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TOOELE — Aaron Lanningham has always been a speed demon. He raced motorcycle and cars.
But everything came to a screeching halt when he hit a wall on a track in New Hampshire in 1994. The accident left him a paraplegic and confined to a wheelchair.
But the Salt Lake City-native didn't letting the life- changing injury slow him down. He competed in monoski competitions for a few years. In 2004 he was part of a special program that allowed him to become a driver of a bobsled for the National Ability Center at the Utah Olympic Park.
Lanningham and his brake man Matt Profitt, a below the knee amputee, made bobsled history and in 2006 by becoming the first athletes with disabilities to forerun a World Cup bobsled event.
Even with all his success, what he really loved was motorcycle racing. "I just really love it," he said. "It's something that I've done since a teenager."
It took some time to figure out how to do it, but he is now back on the race track.
From the sidelines at Miller Motorsports Park he can be seen selling and changing tires. But what surprises people is when they see him suited up, heading out to race. Aaron doesn't feel different than anybody else. But passing through the parking lot to the track, people tend to notice.
(It) just gives me a real sense of freedom. The acceleration, the rush, I mean there's nothing that accelerates like a motorcycle.
–- Aaron Lanningham
"They see me ride by, and they do react when they see my bike with the gear on it."
He has holsters for his feet and support wheels to get him started, but once he hits the track, he looks like anybody else zipping by.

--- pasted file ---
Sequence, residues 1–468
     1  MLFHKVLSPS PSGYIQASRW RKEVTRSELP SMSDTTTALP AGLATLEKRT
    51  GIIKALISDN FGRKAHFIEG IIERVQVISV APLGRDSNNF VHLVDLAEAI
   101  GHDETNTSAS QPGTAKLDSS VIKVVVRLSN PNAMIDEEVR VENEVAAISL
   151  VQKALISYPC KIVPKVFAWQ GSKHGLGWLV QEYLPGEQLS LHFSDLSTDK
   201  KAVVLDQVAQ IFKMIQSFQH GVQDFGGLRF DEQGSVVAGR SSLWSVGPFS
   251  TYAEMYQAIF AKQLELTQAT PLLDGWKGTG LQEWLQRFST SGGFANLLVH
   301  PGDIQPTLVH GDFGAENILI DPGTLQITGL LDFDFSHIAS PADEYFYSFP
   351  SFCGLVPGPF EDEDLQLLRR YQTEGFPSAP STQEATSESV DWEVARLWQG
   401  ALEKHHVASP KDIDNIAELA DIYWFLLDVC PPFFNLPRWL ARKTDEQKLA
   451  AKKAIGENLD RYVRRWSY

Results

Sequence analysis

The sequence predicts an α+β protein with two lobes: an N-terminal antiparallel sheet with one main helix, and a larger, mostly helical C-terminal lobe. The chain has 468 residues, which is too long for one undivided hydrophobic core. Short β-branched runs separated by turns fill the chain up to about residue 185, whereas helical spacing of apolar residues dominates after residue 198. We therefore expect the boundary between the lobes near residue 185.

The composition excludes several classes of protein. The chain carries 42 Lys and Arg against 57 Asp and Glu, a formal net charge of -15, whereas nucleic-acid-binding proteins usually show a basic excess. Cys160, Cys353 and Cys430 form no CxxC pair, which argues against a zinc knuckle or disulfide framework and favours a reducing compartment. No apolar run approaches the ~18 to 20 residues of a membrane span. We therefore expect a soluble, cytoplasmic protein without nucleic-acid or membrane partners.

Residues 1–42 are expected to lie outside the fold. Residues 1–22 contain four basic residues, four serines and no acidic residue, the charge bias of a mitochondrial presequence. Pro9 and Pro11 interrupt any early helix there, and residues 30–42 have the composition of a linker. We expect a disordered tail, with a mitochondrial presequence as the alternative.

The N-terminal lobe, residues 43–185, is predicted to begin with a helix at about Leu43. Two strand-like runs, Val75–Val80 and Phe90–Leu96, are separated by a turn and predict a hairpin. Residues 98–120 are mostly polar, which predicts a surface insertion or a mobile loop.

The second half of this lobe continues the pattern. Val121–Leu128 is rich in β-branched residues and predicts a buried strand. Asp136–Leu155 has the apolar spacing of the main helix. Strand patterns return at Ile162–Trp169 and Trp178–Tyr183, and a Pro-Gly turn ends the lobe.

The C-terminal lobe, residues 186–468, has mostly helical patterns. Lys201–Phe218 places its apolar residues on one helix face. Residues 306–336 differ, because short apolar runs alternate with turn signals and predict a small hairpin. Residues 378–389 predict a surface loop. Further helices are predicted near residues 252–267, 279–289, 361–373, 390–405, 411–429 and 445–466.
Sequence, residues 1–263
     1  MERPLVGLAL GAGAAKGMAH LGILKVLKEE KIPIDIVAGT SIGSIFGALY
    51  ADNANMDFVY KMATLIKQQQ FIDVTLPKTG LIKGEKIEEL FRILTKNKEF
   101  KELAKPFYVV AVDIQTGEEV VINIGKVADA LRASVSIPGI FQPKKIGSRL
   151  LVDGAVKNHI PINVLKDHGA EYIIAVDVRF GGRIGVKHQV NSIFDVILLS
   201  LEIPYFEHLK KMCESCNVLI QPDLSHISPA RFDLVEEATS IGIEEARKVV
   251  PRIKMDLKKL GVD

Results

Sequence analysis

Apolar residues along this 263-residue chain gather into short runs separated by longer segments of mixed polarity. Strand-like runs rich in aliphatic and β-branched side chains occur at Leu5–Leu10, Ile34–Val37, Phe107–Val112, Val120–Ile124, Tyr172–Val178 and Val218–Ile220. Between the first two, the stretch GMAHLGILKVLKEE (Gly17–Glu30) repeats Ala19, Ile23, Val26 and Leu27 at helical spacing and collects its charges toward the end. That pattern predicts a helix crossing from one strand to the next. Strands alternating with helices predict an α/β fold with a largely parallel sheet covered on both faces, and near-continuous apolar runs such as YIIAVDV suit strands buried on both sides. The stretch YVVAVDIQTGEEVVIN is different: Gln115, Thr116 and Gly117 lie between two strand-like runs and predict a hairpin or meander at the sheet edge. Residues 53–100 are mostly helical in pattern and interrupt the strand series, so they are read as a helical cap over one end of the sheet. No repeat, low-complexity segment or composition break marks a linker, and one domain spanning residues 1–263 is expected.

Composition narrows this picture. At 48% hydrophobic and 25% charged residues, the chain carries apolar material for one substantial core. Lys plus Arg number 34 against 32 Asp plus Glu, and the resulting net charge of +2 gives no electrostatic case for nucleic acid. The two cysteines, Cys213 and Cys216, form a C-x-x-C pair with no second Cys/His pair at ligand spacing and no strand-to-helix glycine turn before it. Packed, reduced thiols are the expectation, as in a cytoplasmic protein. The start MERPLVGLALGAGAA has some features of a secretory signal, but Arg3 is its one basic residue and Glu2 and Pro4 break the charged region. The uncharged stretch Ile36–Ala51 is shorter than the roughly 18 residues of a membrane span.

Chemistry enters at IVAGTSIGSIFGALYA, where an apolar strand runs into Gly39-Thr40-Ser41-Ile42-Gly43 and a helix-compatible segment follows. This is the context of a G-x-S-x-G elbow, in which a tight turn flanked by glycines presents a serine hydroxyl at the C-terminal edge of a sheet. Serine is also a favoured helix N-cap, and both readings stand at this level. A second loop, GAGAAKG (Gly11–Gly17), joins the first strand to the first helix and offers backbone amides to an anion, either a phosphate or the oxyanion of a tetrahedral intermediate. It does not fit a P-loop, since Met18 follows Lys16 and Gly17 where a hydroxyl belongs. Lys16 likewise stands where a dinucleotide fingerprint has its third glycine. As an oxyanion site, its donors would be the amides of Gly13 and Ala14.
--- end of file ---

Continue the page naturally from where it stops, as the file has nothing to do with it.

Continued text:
"(It) just gives me a real sense of freedom," he said. "The acceleration, the rush, I mean there's nothing that accelerates like a motorcycle."
He has always been competitive, and in his first race since the motorcycle accident he won. "It was awesome," he said. "It was like ‘oh yeah, comeback.' "
He's been working with the creator of The Bike Experience, a program based in the United Kingdom. "The program gives people the opportunity, if they'd like, to ride a motorcycle to show them that it is possible," he said.
Making it so the rider can be independent was the difficult part, but now he doesn't need someone to help him get on the bike, to get the bike going, or to be there when he is done riding.
The process is different. "It's easy once you get on the motorcycle and drive away. It's the other stuff that is tough," he said.
He hopes to one day help others with spinal cord injuries get back on a motorcycle. He calls it very therapeutic. "There's nothing better than hopping off your wheelchair, onto a motorcycle and leaving that wheelchair behind," he said.
He is in the very early stages of working to get the program to the U.S. He's still looking in to how to get all the equipment and help from volunteers. Though he said the program's creator is working with him and is very eager to get that started.
"Once I'm on the track and I've got that landing gear up, I don't feel different than anybody else," he said. "I don't have much disadvantage. I feel like I'm on somewhat on an event field at that point."
Contributing: Viviane Vo-Duc